In a recent post, I commented that not inheriting the kingdom of God does not necessarily mean the same thing as going to hell. I was writing about gay marriage and couldn’t follow up on that thought. Many readers may have wondered about it, and one explicitly asked.
In one well-known passage, Jesus spoke of the separation of sheep and goats.
Then the King will say to those on his right, “Come you how are blessed of my Father. Inherit the kingdom prepared for you from the foundation of the earth” (Matthew 25:34).
Then he will also say to those on his left, “Depart from me, accursed ones, into the eternal fire which has been prepared for the devil and his angels” (Matthew 25:41).
Eternal fire certainly sounds like hell, doesn’t it? I am not among those (whom I believe to be dangerous false teachers) who deny the reality of hell entirely. On the other hand, it’s important to note that the eternal fire was “prepared for the devil and his angels,” not for humans.
Here and in other places the Holy Spirit shows that some will reject God. Why should they be forced to spend eternity with him if they don’t want to? The only place to avoid God’s presence is that eternal fire. On the other hand, he also reveals that God wants everyone to come to repentance and not perish (2 Peter 3:9).
In the US, “All persons born or naturalized in the United States . . . are citizens of the United States and of the state wherein they reside.” No other nation on earth has that definition of citizenship. We didn’t either, until the adoption of the 14th Amendment.
Since no one writing in the Bible knew anything of our conception of citizenship, we must put it out of our minds when discussing anything that touches on it.
Not everyone who lived in Rome was a Roman citizen. We find from Acts 27:28 that Paul was a Roman citizen by birth. The commander in the Roman army he spoke to had paid a lot of money for citizenship.
Of course, no sinner is ever a citizen of heaven by birth. Since grace is free, no amount of money can purchase citizenship in heaven. The Roman model does not work any better than the American model for explaining how not inheriting the kingdom doesn’t necessarily mean going to hell.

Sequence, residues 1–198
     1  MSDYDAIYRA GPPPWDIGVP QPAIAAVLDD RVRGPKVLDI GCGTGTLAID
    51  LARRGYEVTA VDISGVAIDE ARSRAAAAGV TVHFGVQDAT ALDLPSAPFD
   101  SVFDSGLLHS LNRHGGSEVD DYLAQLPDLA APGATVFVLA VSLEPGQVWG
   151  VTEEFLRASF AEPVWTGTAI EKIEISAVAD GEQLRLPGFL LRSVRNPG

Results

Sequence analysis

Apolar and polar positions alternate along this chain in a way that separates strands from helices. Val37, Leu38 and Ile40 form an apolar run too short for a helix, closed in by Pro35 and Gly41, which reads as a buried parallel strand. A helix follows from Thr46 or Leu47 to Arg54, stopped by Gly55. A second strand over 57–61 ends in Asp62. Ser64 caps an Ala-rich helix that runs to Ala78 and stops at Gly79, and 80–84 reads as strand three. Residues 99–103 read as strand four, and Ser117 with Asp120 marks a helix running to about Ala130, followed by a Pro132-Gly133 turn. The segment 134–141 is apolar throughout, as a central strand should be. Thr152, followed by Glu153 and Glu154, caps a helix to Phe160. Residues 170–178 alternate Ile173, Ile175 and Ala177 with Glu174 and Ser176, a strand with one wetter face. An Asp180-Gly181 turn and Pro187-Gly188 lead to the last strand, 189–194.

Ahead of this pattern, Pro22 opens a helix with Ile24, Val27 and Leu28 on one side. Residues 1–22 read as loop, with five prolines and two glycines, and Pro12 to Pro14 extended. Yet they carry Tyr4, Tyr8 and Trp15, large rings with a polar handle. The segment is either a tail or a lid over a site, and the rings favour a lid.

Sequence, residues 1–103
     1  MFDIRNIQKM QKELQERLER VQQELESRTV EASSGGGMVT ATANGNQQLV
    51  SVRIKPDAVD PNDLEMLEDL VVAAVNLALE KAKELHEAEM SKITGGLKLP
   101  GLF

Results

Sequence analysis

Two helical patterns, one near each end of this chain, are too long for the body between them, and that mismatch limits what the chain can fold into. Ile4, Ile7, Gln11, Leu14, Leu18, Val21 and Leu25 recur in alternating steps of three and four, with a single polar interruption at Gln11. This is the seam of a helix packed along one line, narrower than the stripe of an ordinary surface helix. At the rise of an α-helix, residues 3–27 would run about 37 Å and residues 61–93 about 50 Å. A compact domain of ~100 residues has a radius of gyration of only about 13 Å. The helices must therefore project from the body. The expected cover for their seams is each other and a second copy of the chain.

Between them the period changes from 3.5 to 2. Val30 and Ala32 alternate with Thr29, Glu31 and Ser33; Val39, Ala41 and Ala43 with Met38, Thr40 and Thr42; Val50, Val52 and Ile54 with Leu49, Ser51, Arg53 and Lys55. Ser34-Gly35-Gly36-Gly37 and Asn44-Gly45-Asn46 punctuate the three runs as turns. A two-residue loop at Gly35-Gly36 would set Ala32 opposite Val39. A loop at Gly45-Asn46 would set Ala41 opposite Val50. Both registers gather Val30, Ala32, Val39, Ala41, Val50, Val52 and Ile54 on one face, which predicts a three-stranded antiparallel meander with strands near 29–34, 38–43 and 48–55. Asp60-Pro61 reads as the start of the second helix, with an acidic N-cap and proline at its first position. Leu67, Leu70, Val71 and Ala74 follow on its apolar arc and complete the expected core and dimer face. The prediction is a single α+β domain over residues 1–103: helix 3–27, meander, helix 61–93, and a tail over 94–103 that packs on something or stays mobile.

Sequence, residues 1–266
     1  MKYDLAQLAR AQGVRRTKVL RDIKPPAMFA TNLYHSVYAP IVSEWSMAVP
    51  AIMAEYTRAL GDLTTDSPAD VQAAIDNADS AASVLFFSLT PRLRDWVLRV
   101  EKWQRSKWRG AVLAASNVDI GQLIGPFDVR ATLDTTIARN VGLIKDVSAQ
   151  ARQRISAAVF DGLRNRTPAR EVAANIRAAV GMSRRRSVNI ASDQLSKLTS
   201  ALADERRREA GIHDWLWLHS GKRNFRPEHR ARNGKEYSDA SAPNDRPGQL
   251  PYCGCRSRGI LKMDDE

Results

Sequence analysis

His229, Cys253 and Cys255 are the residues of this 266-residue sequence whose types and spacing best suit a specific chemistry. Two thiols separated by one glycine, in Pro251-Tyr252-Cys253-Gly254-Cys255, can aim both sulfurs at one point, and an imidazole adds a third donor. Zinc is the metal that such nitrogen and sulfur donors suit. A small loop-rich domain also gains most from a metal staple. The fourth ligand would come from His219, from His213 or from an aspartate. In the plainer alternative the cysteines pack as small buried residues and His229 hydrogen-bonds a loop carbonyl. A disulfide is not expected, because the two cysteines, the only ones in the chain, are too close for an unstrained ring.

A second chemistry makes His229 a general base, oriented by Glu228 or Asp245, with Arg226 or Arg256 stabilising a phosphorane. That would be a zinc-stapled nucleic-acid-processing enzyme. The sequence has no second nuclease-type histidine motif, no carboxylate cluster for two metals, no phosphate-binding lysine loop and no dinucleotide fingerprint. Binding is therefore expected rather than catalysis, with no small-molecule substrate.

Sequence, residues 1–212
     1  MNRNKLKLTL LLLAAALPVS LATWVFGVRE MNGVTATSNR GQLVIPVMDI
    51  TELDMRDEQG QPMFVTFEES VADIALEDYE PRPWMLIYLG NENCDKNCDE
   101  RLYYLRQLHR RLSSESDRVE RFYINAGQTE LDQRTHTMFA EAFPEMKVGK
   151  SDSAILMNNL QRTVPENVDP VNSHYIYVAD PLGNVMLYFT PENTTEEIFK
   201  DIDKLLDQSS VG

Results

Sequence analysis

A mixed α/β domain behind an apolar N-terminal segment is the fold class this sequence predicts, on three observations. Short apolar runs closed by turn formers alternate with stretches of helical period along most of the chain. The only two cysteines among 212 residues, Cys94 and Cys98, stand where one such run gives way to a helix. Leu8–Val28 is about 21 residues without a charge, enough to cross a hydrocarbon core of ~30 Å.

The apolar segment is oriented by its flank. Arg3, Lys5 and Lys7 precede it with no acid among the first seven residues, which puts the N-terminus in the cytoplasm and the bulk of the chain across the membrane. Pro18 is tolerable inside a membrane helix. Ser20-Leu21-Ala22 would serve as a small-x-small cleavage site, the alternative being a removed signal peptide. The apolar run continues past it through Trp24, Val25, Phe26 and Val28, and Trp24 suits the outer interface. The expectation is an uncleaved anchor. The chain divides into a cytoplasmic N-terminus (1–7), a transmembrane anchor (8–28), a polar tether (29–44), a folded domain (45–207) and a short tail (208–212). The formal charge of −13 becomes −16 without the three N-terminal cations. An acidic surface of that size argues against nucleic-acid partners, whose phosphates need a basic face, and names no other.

According to the ancient Hebrew model, only descendants of one of the twelve patriarchs (the sons of Jacob, with Joseph getting a double portion) qualified for citizenship.
No one else, no matter how long they had lived in Hebrew territory, could expect any rights of citizenship. Yet as I explained in my post on social justice, God commanded his people not to oppress aliens (Exodus 23:9).
When Joshua led the people into the promised land, his mission was to destroy every remnant of Canaanite civilization. It was capital punishment, not genocide. And it was totally justified. But Joshua made one major blunder.
People of the city of Gibeon sent a delegation to him dressed in tatters and carrying the old, worn out luggage and wineskins. They told Joshua that they had come from a far country to make a treaty with him. Neglecting to pray and find out, he believed them.
Once he found out they had lied, his treaty even bound the Hebrews to defend the Gibeonites when other Canaanite cities attacked them. But Joshua couldn’t let them live independently on the land he was supposed to rid of all its natives.
The only remaining alternative? He enslaved them and set them as “hewers of wood and drawers of water” for God’s altar (Joshua 9:23, 27). The law commanded constant fire in the tabernacle, continuous burnt offerings, and many ritual washings.
The Gibeonites did the manual labor. They cut down all the trees, chopped all the firewood, and carried all the water required for those rituals, and maybe for the private use of priestly families as well.
For how long? Centuries later, King Saul tried to slaughter the Gibeonites. That left a mess for David to clean up later (2 Samuel 12:1-6). So they were still living in the land and presumably still enslaved to the altar of God.
David’s atonement for Saul’s treachery is the last we hear of the Gibeonites. Or is it? 1 Chronicles 9:2 says that the first tribe to live in their cities were “the priests, the Levites, and the temple servants.” That would be the Gibeonites, but the chronicler uses the word “nethinim” for servants.
That verse can only mean the Gibeonites, and it can only refer to the time of the conquest under Joshua. If we don’t find any later reference to the Gibeonites, we do find one to the Nethinim. It’s in Ezra 7:24!
Skip past the entire period of the judges, the entire period of the kingdom of David and Saul, the entire period of the splinter kingdom of Judah, and the Babylonian captivity.
That’s more than 1000 years. The descendants of the Canaanite city of Gibeon were still enslaved to the priests and the temple. They had endured captivity in Babylon. They had chosen to return to Jerusalem with their masters. Presumably they continued to serve through the time of Jesus until the Romans destroyed the temple and drove the Jews from Jerusalem in A. D. 70.
And in that entire time, probably at least 2000 years, they had no hope of any of the rights of citizenship in Israel.
Might not the kingdom of God have its citizens and its Nephinim? Might there not be many who will inherit the kingdom by grace through faith, a few who will utterly reject God, and some unknown quantity of others who would rather become slaves than either accept grace or utterly reject God?